If those questions aren’t easy to answer, it’s something worth giving them some thought.
Once you have an answer, think about how much it aligns with your current life.
If gap between them is wide, what can you do to change that?
Most of us have some idea of where we’d like to be in 5, 10 maybe even 20 years time.
But sometimes the gap between now and then, is pretty hazy.
You know what you want but you’re not quite sure how you’ll get there.
And sometimes long-term plans change.
Maybe you happened to find something you care for more than what you’re currently trying to pursue. Maybe you realised that you don’t really want the thing you were working for. Or maybe you just feel like like doing something new.
For many people they actually end up having a better sense of direction when they change their plans. The gap becomes a little less hazy.
The reason for this is changing plans is a risk and they want it to be worth it.
If you go through a period of stress or anxiety, something that can work wonders is taking a break.
It might seem counter productive and you might feel like the better thing to do is pull yourself deeper into what ever has gotten you off balance.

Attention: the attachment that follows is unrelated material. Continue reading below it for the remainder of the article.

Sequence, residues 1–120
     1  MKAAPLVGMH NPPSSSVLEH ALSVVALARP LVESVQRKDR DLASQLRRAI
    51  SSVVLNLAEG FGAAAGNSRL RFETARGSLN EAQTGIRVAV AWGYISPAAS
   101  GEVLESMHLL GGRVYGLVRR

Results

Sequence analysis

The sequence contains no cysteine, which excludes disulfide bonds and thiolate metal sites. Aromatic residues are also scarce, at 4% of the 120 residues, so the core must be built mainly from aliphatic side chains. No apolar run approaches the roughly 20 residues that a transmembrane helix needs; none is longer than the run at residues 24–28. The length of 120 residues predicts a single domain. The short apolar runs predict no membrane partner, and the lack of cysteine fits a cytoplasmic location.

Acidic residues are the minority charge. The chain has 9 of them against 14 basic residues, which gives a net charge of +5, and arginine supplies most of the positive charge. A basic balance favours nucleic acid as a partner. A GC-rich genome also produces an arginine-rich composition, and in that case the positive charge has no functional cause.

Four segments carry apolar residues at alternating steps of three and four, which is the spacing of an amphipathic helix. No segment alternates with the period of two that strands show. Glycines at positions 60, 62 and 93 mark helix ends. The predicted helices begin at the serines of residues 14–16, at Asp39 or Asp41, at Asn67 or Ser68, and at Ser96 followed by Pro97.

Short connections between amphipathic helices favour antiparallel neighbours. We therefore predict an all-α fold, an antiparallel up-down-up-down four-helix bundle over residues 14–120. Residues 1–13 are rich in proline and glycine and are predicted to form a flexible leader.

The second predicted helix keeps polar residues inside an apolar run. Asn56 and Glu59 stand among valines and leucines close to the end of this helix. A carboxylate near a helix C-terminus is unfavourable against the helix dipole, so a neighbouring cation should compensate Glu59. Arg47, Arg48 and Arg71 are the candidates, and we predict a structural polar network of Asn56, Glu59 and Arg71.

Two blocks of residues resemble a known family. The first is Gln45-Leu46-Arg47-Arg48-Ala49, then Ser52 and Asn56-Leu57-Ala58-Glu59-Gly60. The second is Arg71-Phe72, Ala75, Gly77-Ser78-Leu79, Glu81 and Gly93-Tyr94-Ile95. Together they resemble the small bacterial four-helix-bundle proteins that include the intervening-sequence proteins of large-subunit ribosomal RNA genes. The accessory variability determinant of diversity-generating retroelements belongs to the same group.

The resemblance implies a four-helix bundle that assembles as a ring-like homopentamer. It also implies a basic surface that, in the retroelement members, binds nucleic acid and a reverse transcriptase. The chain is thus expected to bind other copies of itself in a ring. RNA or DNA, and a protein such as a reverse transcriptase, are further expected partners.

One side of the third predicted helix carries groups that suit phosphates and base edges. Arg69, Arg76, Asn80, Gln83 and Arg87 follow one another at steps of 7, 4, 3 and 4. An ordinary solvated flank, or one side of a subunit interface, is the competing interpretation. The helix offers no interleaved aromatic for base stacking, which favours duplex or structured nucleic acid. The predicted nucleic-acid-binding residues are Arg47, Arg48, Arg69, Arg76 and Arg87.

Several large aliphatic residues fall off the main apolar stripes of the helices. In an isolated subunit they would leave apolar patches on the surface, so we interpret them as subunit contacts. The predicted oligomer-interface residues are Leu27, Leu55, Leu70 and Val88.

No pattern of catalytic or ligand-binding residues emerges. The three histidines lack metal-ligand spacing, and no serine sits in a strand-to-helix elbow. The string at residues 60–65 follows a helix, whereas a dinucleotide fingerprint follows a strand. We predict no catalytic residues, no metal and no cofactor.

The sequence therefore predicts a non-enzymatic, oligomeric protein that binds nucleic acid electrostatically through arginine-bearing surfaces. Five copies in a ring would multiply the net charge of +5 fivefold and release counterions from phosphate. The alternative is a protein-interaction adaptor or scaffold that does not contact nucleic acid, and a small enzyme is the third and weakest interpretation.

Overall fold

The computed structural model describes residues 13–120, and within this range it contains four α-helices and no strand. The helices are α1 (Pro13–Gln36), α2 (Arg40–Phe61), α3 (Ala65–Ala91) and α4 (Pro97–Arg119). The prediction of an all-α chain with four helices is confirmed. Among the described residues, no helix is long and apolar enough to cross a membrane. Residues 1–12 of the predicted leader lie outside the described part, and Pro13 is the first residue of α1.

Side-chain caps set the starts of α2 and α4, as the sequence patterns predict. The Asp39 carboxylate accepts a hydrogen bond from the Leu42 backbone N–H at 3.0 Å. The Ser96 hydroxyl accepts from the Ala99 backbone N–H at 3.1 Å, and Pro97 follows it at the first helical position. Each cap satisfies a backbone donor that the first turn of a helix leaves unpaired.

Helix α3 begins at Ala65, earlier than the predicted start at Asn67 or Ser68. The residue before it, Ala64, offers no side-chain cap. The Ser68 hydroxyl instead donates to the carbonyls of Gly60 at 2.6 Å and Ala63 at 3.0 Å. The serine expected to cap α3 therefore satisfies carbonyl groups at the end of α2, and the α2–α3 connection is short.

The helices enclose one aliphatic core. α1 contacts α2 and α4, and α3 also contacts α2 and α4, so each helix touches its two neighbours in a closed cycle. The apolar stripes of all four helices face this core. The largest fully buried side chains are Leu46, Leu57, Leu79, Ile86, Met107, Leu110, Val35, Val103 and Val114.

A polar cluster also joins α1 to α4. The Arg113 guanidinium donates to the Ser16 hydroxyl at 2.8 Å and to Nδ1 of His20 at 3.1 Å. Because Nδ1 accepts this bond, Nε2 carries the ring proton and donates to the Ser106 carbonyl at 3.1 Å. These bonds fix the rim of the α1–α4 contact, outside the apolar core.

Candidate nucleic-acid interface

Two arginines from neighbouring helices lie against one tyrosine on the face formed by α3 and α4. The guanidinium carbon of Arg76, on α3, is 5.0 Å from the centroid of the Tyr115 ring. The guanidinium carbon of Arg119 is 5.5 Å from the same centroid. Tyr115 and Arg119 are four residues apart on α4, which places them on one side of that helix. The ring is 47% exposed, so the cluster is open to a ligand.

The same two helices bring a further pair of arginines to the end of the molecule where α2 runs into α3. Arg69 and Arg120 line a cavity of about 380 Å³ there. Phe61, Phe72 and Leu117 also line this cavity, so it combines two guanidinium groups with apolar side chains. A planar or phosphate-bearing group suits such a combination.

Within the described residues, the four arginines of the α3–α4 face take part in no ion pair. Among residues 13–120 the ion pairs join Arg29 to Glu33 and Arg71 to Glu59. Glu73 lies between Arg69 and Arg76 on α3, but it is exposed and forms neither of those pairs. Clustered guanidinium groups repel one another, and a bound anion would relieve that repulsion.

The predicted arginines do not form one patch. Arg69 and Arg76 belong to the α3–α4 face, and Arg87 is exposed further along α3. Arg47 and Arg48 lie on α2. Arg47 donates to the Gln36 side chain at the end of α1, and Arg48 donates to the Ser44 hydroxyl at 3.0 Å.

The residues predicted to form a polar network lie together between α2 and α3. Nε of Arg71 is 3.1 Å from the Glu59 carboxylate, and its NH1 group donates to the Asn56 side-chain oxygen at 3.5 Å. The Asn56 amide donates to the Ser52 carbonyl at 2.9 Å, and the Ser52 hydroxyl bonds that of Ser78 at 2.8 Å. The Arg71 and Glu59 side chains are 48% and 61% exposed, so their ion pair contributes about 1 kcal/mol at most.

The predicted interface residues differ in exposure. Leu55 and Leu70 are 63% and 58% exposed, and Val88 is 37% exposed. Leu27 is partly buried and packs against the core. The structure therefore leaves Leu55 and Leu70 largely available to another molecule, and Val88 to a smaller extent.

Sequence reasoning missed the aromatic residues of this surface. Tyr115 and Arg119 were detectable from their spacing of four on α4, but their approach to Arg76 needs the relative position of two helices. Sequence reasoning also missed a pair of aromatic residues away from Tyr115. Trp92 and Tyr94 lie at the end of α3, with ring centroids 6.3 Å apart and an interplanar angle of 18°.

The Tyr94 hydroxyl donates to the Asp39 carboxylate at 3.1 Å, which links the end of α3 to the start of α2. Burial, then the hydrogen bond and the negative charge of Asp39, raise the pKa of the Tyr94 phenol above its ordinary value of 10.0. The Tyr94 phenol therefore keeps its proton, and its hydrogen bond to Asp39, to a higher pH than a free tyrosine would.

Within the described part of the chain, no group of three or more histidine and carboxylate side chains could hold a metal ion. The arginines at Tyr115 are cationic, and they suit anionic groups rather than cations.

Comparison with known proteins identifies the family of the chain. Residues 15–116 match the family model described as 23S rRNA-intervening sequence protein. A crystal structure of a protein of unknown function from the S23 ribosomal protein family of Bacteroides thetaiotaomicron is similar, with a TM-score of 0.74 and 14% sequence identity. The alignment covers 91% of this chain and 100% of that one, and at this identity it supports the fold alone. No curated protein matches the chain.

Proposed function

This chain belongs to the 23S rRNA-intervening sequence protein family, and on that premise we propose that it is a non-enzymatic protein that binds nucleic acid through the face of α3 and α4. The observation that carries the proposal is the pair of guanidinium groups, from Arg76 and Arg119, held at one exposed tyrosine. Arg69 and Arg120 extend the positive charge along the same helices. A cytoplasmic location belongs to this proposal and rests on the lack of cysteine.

But further exposing yourself to thing that isn’t making you feel good is probably not going to make you feel any better.
What you might need is to take a break.
In this day and age, in our go, go, go society it can be challenging to really take a break from your day to day life.
And so I think it’s important to figure out what helps you rest, reset and refresh your mind.
It could be a walk in nature where you’re away from buildings and cars but surrounded by greenery and wild flowers.
It could be a massage, something that forces you have to stay still and you have to put your phone away.
And once you’re done you’ll know that it worked when you can go back to thing that had you feeling stressed but you now feel calm and at peace.